When we evaluate a company’s environmental, social and governance (ESG) factors for potential investment, a business segment that is reliant on fossil fuel industry customers is typically disqualifying. But not long ago, as we looked ahead to a reopening economy and the prospect of an increased push for sustainable infrastructure, we took a closer look at a company with such a segment, and were surprised by what we found.
Emcor’s primary business lines are in electrical and mechanical construction, facilities maintenance and services, which together accounted for 91% of the company’s revenues in 2020. But the remaining 9% of Emcor’s 2020 revenues were in industrial services, which the company acknowledges are “largely performed for refineries and petrochemical plants.”
A closer look, however, reveals a more nuanced picture of the company’s operations, even within Emcor’s industrial services segment. Among the services Emcor provides to its oil and gas customers are those that increase energy efficiency and safety. To take one example, an Emcor subsidiary recently developed an innovative technique for cleaning heat exchangers used in refinery and chemical plants. The technique enables customers to save significant amounts of water; Emcor claims it is the only heat exchanger cleaning method that recycles cleaning water. Before the method was developed, heat exchanger cleaning consumed almost 1,200 gallons of fresh water per minute, which was then discharged into sewers. Beyond efficiency, Emcor even hints at future deployments of carbon capture and renewable energy projects for oil and gas customers.
Our research into Emcor’s main business lines was even more encouraging. In comparison to the company’s $79 million in remaining contract value from oil- and gas-related projects, its aggregate contract value for renewable energy projects as of 2020 was $177 million. Emcor’s renewable energy expertise includes solar, photovoltaic, wind, fuel-cell, biomass, landfill gas, tidal, and biofuel-fired generation. The company has been a Gold member of the US Green Building Council since 2005, and in 2020 completed 70 projects that were certified to sustainability standards such as LEED (accounting for just over 7% of 2020 revenues). Emcor has also helped several large companies design and construct carbon neutral facilities. And the company’s facilities maintenance and services segment includes efficiency-focused services such as energy audits, water conservation retrofits, lighting retrofits, and building automation systems installation.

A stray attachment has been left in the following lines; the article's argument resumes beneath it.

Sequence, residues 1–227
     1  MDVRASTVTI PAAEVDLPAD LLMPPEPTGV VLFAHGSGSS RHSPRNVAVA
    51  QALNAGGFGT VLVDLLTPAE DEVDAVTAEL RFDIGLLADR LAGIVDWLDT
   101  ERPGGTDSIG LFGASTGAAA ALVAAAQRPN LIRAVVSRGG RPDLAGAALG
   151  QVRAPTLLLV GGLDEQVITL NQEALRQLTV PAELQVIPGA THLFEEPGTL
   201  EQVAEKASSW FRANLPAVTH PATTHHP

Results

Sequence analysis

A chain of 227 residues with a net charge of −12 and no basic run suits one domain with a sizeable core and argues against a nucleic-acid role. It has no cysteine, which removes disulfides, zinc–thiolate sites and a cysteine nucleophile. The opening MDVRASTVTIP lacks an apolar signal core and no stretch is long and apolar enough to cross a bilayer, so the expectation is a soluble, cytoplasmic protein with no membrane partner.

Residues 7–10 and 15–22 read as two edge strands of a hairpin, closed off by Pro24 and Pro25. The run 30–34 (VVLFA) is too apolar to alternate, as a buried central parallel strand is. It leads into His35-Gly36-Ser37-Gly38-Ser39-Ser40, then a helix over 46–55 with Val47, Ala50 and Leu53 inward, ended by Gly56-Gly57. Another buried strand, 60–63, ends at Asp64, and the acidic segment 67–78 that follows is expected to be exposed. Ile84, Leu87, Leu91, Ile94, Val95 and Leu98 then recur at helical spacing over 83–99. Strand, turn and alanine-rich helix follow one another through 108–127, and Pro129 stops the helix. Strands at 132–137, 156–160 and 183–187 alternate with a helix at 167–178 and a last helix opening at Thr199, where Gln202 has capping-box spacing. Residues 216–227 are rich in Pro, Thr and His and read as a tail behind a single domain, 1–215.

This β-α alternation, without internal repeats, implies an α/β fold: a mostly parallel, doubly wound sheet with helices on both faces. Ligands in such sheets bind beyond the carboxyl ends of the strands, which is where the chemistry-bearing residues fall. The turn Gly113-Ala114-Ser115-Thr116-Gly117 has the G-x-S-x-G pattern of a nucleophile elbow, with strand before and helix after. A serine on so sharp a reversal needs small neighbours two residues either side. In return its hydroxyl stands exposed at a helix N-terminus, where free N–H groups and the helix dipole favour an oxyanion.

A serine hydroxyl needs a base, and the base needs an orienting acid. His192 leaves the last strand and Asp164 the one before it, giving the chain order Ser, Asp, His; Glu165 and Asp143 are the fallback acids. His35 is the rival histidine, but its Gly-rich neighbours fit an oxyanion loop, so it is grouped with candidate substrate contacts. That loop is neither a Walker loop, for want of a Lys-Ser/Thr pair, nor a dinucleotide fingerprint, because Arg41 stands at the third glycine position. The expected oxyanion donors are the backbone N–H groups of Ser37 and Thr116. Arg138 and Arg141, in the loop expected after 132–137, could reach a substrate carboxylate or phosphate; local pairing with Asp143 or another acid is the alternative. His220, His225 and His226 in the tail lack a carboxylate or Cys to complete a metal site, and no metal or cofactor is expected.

Emcor’s stewardship over its own emissions is improving as well, through Sustainability Accounting Standards Board (SASB)-aligned reporting and audits by the independent firm EcoVadis. The company has set a target of a 20% reduction in per-capita greenhouse gas (GHG) emissions by 2035, along with a 30-40% reduction in fossil fuel consumption by the same time. We view this as a good starting point, although since Emcor improved its emissions tracking in 2020, we will be seeking for the company to make its targets more aggressive in the years to come.
In other areas of its business, Emcor says it experienced less than half its peer’s average of recordable safety incidents for the twelfth straight year in 2020. The company voluntarily reports workforce diversity statistics, and while its very low 11% of employees who are women put it on par with the rest of the construction industry, its 31% of racially and ethnically diverse employees, compared to the industry average of 11%, put it well ahead by that measure. Nevertheless, Emcor has clear room for additional improvement in terms of workforce diversity, while its board makeup also includes targets for change, including its non-independent board chairman and low 22% female representation and 11% representation of persons of color.
Taken on balance, we believe the positive aspects of Emcor’s environmental and social profile, and particularly the opportunity for environmental benefit in the vast majority of its business segments, more than outweigh the negatives in its remaining industrial services business segment. For us this makes an ideal setup for corporate engagement: a company whose environmental sustainability in its products and services is growing, but with the opportunity for even more progress given the right amount of encouragement and pressure from investors like us.